A shakeup occurred in August to one of the most popular U.S. stock market indices: the Dow Jones Industrial Average. Oil giant Exxon Mobil Corp. (ticker: XOM), aerospace and defense manufacturer Raytheon Technologies Corp. ( RTX) and pharmaceutical company Pfizer ( PFE) were kicked out of the blue-chip index last month — the first restructuring to the index since Walgreens Boots Alliance ( WBA) replaced General Electric Co. ( GE) more than two years ago.
Changes to the DJIA are significant when trying to understand how it impacts future Dow performance as well as what it means for stocks in the index and the ripple effect on investment portfolio returns. Here are a few things to know:
— Dow’s composition.
— Performance of companies in and out of the index.
— What do changes mean for investors?
Changes to the Dow needed to be made because of Apple’s ( AAPL) 4-for-1 stock split, which means for every existing share, an investor now has three additional AAPL shares. This split resulted in each share going from roughly $400 to $120 but did not impact the value of the stock. In its announcement, Apple said it implemented the split to make the stock “more accessible to a broader base of investors.”
AAPL carried a big portion of the weight in the Dow, and its high price influenced the appreciation of the index. The split has recalibrated the index and reduced AAPL’s impact on the index’s direction. The stock represented around 12% of the index; it’s now less than 3% and only the 18th-largest component of the index.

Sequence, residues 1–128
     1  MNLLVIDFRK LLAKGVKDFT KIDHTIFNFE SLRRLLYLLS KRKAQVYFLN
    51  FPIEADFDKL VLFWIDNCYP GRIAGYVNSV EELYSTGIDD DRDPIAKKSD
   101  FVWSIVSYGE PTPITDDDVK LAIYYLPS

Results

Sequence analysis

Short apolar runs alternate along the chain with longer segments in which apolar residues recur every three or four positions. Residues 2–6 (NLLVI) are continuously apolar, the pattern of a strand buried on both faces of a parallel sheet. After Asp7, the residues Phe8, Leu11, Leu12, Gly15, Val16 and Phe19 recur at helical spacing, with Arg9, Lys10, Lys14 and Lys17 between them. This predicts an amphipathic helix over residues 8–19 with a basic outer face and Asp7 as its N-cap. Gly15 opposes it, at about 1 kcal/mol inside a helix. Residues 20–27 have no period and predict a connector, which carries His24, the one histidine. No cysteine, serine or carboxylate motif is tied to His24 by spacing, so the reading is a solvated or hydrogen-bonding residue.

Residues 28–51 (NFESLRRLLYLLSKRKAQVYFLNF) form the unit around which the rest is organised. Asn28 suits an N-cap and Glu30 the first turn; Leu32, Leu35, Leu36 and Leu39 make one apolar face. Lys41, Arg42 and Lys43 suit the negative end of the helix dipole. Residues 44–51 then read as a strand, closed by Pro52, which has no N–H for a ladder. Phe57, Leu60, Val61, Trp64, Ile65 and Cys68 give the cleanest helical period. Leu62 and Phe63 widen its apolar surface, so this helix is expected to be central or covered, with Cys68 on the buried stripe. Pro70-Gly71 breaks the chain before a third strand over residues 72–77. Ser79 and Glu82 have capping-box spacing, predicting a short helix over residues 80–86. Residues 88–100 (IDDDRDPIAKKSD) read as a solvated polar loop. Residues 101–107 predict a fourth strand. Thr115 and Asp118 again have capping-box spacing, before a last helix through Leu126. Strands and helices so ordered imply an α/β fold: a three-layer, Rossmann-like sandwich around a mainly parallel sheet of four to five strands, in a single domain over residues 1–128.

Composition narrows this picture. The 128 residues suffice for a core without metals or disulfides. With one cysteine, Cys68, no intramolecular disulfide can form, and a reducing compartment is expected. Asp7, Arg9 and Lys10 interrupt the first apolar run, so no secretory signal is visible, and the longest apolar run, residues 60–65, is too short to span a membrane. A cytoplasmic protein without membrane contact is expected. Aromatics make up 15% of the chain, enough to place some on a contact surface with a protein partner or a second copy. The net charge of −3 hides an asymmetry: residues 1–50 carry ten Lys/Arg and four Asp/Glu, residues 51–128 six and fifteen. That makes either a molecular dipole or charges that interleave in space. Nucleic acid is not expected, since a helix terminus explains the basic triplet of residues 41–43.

Apple is the only one of the FAANG stocks in the Dow, which is underweight in technology compared with the S&P 500, which holds many of the Big Tech stocks in its index.
Salesforce ( CRM), a cloud-computing company covering the information technology sector, replaced Exxon. Amgen ( AMGN), a biotechnology company covering the health care sector, took Pfizer’s place. Honeywell International ( HON), a company that delivers aerospace products, control technologies and performance materials to specific industries covering the industrials sector, replaced Raytheon Technologies.
The motive behind the Dow changes was to have a more representative mix of U.S. companies. These changes will help “diversify the index by removing overlap companies of similar scope,” according to the S&P Dow Jones news release, along with balancing out the disruption caused by Apple’s price appreciation.
“After the Dow’s changes, there will also be some significant shifts in sector weightings for the DJIA,” says Chuck Etzweiler, chief research officer and senior vice president at Nepsis in Del Mar, California.
“Technology will still have the largest weighting at 23.1% but will still see its share of the index declined by the largest amount (4.6 percentage points),” he says.
Performance of Companies In and Out of the Index
The exchange of the companies listed in the Dow may lead to changes in the index’s performance and will likely serve the companies that were added to the index well, but the same cannot be said for the companies removed from the index.